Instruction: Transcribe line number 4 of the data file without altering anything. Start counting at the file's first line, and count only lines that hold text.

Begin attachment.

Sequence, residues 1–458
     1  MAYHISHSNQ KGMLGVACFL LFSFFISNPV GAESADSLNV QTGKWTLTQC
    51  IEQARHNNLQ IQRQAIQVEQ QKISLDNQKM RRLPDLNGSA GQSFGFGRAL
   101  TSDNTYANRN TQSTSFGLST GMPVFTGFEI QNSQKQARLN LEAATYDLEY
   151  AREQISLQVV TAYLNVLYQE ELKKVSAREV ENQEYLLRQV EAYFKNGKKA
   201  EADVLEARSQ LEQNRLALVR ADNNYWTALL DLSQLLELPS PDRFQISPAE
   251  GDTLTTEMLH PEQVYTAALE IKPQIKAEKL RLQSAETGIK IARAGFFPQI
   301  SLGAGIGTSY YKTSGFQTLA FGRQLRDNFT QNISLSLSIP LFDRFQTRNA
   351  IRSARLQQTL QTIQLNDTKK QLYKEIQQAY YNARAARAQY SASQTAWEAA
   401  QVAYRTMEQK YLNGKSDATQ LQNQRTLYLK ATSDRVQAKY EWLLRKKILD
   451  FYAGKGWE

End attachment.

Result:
   101  TSDNTYANRN TQSTSFGLST GMPVFTGFEI QNSQKQARLN LEAATYDLEY